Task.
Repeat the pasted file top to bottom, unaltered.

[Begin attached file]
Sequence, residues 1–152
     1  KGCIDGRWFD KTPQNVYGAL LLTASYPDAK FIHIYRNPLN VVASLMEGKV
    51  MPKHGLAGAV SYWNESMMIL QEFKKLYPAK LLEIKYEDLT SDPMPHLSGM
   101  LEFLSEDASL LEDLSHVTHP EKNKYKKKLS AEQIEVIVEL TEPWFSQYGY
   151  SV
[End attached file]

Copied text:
Sequence, residues 1–152
     1  KGCIDGRWFD KTPQNVYGAL LLTASYPDAK FIHIYRNPLN VVASLMEGKV
    51  MPKHGLAGAV SYWNESMMIL QEFKKLYPAK LLEIKYEDLT SDPMPHLSGM
   101  LEFLSEDASL LEDLSHVTHP EKNKYKKKLS AEQIEVIVEL TEPWFSQYGY
   151  SV